This may be contrasted with Article 25(1) of the ICSID Convention, which limits ICSID's jurisdiction to disputes "arising directly out of an investment" and involving a "national of another Contracting State."6 These jurisdictional criteria have been the subject of significant dispute, and have contributed to the increased cost and complexity of ICSID arbitration claims. The absence of such jurisdictional criteria in the Rules will be attractive to parties seeking an efficient mechanism for the resolution of investment disputes.

Immunity from Execution

Rule 1.3 provides that an agreement to refer a dispute to arbitration under the Rules constitutes a waiver by the State, State-owned entity or intergovernmental organization of any right to immunity from jurisdiction.7 However, consistent with the position under international law, Rule 1.3 also recognizes that waiver of immunity from jurisdiction is distinct from immunity from execution, and that an agreement to refer a dispute to arbitration under the Rules therefore does not automatically impact immunity from execution.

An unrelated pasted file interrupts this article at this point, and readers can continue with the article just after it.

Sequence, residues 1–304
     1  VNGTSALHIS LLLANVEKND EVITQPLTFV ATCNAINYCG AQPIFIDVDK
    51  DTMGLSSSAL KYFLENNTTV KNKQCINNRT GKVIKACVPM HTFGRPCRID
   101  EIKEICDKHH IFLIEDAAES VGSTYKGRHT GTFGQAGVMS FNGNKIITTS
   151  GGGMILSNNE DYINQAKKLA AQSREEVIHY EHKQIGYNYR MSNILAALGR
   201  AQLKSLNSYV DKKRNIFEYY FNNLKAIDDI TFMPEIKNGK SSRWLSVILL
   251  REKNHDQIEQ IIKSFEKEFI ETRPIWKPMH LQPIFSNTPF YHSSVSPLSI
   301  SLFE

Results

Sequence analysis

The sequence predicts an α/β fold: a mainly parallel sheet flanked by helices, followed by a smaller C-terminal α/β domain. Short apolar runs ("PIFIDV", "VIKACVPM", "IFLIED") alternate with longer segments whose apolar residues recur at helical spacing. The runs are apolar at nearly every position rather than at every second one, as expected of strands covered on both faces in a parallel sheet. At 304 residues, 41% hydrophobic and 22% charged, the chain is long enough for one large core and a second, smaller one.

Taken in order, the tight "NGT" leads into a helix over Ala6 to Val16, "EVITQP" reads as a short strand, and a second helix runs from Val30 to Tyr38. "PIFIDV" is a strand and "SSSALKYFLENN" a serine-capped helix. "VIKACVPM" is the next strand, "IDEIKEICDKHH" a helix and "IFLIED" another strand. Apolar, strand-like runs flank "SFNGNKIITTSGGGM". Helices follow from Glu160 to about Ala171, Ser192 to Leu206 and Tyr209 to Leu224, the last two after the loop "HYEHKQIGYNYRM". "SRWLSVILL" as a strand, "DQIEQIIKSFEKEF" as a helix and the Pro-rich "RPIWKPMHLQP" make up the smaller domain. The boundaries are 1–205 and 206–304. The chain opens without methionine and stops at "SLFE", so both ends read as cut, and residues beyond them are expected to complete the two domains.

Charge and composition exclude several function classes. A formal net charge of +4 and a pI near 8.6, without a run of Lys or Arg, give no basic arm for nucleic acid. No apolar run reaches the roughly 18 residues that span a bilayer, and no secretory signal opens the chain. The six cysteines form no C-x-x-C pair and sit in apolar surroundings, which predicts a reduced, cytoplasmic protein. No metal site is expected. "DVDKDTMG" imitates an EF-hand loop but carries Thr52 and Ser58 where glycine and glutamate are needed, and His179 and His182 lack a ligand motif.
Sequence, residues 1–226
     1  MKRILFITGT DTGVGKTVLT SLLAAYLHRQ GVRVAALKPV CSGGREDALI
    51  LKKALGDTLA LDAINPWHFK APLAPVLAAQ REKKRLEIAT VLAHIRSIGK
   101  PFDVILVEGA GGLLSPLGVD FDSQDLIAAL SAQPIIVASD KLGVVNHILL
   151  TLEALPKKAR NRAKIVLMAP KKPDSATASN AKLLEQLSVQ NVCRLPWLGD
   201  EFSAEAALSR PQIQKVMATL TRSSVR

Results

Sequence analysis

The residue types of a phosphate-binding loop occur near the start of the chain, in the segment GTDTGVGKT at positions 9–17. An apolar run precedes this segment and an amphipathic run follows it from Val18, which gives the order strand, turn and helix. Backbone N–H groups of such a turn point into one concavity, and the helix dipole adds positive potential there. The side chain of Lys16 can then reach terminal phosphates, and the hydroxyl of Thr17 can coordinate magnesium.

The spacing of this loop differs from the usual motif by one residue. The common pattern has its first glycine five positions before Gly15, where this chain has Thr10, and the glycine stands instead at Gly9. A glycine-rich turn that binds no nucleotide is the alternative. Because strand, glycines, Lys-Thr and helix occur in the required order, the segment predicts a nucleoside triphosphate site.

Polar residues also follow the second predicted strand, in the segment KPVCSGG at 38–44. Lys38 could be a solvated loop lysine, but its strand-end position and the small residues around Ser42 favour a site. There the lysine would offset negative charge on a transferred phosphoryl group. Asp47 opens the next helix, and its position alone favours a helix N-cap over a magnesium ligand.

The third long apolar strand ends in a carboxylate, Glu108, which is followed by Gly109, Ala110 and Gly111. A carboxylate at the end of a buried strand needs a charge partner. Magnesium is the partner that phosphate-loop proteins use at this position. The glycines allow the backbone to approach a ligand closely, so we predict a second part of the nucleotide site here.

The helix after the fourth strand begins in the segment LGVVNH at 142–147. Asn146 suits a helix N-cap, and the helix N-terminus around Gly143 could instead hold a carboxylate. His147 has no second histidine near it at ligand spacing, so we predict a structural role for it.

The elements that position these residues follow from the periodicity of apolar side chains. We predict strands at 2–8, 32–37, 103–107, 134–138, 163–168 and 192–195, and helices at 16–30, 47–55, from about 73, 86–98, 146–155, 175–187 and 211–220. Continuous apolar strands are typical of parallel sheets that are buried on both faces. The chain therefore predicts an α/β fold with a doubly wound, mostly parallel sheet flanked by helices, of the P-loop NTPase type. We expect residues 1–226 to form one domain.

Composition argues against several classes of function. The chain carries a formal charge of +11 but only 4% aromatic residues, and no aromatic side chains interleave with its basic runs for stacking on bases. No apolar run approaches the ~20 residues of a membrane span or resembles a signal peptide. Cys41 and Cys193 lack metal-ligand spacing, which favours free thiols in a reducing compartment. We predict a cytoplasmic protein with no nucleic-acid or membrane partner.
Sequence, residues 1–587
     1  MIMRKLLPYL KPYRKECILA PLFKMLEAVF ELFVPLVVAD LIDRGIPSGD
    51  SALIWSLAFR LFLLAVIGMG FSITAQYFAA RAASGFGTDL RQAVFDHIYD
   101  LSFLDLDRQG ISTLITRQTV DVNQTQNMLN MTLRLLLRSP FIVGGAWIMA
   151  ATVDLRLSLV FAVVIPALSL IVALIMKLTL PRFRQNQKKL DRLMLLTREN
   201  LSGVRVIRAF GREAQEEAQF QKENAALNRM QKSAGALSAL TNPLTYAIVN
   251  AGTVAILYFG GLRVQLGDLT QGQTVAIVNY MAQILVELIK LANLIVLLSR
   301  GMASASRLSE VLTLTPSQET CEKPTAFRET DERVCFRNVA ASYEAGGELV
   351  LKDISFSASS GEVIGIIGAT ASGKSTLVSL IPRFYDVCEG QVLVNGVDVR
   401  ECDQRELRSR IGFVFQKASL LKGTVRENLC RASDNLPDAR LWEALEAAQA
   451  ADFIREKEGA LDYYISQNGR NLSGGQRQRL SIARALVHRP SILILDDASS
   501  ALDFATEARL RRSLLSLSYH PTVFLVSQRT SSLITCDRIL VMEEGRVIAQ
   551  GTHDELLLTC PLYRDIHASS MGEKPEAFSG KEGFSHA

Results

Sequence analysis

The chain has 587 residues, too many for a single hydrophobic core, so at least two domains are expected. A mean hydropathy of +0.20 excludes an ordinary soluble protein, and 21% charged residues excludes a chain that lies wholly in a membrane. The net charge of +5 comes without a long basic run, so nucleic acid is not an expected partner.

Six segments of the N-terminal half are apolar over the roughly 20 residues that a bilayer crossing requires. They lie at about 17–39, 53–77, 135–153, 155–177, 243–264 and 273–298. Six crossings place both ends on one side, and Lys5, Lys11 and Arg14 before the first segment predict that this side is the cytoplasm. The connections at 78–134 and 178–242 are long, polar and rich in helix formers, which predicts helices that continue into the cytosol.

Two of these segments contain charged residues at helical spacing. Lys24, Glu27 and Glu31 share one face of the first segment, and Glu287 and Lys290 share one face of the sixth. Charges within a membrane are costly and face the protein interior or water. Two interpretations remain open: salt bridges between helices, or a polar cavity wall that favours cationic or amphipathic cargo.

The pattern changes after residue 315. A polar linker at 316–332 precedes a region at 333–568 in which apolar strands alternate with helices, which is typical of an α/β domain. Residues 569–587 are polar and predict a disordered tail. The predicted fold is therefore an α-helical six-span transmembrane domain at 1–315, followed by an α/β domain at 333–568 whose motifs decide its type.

The Rules include a number of provisions that streamline the investment arbitration process, drawing on SIAC's experience with resolving commercial arbitration disputes efficiently. These are intended to address perceptions by users that investment arbitrations take too long and cost too much. The Rules adopt many features of the 2016 SIAC Rules for commercial arbitration, including provisions that impose strict time limits and allow the early disposal of frivolous claims and defenses, with a number of adjustments to accommodate the interests of States, State-owned entities and intergovernmental organizations.